Know Before You Go

Exterior of The College of Physicians building
Exterior of The College of Physicians building

Other Information

  • Unfortunately, there is not a parking lot associated with the building. Two paid lots are directly next to and behind the building. There is also metered on-street parking on most of the streets surrounding the Museum. There are multiple transit options including on SEPTA, PATCO, and AMTRAK. For more information including driving directions, visit our Directions page. 

  • The Museum has narrow walking space in many areas and strollers and large bags pose a hazard to our 150‐year‐old glass cases and make it difficult for other visitors to enjoy our exhibits. For these reasons, strollers, large bags, and luggage are not permitted in the Museum. Public lockers are available for secured storage during your visit. Lockers can accommodate items up to 12” x 14” x 15”. Items too large for the lockers, such as strollers, must be left in our self-serve coat room. Lockers are free but require a quarter to operate. The coin is refunded at end of your use.

  • There are restrooms located on the first and second floor of the museum. Wheelchair-accessible restrooms are located on the second floor. Please see a Visitor Services Associate for elevator access.

  • No, the Mütter does not have a cafe and food and drinks are not allowed in the galleries.  However, you can pick up our staff favorites food guide at the Front Desk!

    *Please note, some establishments may be closed due to COVID-19.

  • The Mütter is a medical history museum and our collection is comprised primarily of human remains, some displaying genitalia, traumatic injuries, or disfiguring pathologies which may be disturbing to young children. For this reason, we recommend the Museum for children ages 10 and up.

  • The Mütter’s collection includes the remains of real people. Out of respect for the individuals in our collection, no photography or video of any kind is permitted in the museum. However, you may take photos in our lobby area and in our Benjamin Rush Medicinal Plant Garden.

  • All skeletal and wet specimens in the Museum are preserved parts from real humans. Other items on display include life casts and models made of wax, plaster, or papier maché. You can find answers to other questions about the Museum on our FAQ page.

  • Firearms, other dangerous or deadly weapons, or explosives, either openly carried or concealed are strictly prohibited. The prohibition of firearms applies to all visitors, including those with firearm permits; only active qualified law enforcement* personnel authorized to carry firearms are accepted.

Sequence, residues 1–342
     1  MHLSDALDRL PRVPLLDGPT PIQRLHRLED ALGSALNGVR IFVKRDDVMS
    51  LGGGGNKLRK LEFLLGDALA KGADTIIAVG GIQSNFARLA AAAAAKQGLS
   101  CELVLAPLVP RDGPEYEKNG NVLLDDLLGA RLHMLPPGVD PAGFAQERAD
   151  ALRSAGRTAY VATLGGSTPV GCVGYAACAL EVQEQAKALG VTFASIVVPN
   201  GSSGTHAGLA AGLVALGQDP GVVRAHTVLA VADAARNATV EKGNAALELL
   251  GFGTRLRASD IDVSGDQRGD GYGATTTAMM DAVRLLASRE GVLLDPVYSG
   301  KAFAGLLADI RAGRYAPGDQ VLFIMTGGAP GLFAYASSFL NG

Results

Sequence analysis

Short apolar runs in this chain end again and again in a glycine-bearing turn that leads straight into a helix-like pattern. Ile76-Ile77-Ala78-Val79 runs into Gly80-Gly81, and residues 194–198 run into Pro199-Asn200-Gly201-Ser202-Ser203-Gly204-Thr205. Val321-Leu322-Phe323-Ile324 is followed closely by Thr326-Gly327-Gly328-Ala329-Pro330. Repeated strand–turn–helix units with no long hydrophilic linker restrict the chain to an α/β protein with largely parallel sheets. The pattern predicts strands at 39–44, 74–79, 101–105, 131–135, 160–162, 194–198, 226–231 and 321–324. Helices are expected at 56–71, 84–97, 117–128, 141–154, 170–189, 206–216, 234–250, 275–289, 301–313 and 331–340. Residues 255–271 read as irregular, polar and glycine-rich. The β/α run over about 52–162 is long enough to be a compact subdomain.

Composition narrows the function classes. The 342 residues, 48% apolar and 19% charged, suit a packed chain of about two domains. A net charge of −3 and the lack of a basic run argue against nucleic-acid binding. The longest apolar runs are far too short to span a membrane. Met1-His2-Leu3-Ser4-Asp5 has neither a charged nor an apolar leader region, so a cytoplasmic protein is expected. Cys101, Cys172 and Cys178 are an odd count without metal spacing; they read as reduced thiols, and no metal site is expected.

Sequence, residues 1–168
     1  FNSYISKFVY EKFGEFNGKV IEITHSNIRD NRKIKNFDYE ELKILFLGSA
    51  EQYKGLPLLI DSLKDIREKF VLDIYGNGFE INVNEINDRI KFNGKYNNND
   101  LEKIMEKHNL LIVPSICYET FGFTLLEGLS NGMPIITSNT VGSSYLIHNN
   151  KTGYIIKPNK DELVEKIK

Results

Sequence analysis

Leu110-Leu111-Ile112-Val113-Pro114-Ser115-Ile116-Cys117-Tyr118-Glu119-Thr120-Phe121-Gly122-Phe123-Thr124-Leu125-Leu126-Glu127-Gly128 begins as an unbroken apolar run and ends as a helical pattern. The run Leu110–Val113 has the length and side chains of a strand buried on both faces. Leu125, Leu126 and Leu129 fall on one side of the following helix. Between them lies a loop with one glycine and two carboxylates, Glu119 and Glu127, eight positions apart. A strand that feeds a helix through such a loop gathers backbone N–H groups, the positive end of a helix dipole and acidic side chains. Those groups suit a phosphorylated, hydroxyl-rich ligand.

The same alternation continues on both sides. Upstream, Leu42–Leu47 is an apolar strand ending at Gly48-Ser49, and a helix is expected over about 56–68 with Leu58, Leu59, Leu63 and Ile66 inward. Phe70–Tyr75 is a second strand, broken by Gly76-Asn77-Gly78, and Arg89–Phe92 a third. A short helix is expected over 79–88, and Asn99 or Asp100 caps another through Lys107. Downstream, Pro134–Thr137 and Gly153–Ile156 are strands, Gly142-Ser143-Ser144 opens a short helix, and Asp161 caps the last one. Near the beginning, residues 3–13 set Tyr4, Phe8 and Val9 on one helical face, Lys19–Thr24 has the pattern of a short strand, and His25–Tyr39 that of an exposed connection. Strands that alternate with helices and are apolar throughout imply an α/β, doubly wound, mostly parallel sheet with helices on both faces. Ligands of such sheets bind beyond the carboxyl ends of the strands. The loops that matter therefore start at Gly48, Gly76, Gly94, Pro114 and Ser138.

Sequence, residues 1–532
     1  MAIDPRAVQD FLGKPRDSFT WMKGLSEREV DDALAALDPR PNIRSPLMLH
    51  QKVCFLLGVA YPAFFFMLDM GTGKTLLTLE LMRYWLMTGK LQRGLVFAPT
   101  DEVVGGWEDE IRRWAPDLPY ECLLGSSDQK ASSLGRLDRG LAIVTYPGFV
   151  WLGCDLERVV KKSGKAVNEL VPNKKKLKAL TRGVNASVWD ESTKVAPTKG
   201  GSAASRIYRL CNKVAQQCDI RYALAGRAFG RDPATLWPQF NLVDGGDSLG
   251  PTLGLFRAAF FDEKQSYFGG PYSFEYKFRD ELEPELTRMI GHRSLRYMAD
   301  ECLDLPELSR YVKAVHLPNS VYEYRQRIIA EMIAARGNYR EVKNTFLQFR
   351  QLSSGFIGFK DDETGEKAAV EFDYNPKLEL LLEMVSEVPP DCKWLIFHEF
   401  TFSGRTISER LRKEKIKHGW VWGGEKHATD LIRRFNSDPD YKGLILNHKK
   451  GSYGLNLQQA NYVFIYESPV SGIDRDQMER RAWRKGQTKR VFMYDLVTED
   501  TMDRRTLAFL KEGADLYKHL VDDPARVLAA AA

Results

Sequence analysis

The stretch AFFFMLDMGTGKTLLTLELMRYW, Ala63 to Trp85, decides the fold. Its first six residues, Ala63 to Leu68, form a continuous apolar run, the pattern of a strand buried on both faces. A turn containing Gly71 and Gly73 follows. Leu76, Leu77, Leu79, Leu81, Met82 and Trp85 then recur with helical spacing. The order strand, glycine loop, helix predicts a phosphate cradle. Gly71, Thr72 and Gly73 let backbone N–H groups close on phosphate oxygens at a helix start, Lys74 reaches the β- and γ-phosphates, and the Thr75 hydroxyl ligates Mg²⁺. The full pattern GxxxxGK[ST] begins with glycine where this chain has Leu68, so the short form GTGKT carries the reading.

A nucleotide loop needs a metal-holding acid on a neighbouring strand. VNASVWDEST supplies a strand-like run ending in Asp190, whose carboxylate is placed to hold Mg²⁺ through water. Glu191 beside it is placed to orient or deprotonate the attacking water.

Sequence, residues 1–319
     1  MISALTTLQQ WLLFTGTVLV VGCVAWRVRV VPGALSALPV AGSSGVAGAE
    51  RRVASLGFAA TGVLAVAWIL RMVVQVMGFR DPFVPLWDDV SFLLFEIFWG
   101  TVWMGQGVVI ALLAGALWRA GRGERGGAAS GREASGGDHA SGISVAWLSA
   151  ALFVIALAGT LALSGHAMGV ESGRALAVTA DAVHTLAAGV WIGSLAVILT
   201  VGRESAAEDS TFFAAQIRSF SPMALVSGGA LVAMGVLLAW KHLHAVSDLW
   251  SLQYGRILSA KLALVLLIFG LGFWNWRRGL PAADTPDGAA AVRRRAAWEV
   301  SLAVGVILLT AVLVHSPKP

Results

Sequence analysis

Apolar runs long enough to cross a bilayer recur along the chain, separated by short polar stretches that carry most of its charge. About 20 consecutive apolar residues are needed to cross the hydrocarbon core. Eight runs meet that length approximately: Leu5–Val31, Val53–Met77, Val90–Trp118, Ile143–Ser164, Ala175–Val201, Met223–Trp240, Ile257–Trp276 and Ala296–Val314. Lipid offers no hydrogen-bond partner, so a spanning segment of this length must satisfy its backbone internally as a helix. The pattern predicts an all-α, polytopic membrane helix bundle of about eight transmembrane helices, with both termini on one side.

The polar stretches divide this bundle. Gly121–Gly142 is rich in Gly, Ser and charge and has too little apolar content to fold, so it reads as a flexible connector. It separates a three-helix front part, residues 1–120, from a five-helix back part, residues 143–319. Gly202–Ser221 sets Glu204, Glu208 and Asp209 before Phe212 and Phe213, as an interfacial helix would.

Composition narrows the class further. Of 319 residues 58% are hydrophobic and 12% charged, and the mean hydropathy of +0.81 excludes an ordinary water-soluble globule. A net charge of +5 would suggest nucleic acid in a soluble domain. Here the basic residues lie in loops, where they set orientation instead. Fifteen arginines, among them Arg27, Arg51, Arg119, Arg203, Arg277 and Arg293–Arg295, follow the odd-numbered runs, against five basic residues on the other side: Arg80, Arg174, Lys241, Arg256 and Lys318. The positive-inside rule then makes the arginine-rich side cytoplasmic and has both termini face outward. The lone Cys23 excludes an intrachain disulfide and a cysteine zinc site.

*Qualified Law Enforcement*  This policy excludes Federal and local law enforcement officials, who after displaying their credentials to our Museum team, may carry their firearms in a concealed manner. Local refers to all law enforcement agencies with jurisdiction within the immediate PA area.

Frequently Asked Questions

  • For more than 150 years, visitors have marveled at our collections. Our goal is to provide the best environment for both our specimens and our visitors. Excessive light and heat can damage a specimen over time. The Museum is working to replace traditional high‐heat halogen light bulbs with safer fiber‐optic lighting systems to reduce damage to our collection. Compared with the traditional halogen light bulbs, the new fiber‐optic light may appear a bit dimmer; however, all the specimens and labels should be properly illuminated. If you see lights out in the Museum, please alert the security guard.

  • While most of the labels in the Museum have been updated in a larger font, some of the older text and labels remain. This is an ongoing project that we hope to complete in the near future.

  • The “u” in Mütter has an umlaut. In German, the “ü” is properly pronounced with an “eo” sound. We are just as happy if you pronounce it with a long “oo” sound, like “scooter.”

  • The Museum is named for Thomas Dent Mütter, MD (1811 – 1859), a physician, professor, and Fellow of the College. In 1858 he bequeathed his entire teaching collection of more than 1,700 objects and specimens to the College, along with a substantial endowment. These objects became the core of the Mütter Museum and today we have more than 25,000 objects in the collection.

  • On some days, access to our 2nd floor area, Thomson Gallery, and Medicinal Herb Garden may be limited due to private events or new installations. Please call 215-560-8564 before your visit to check opening hours and avoid disappointment.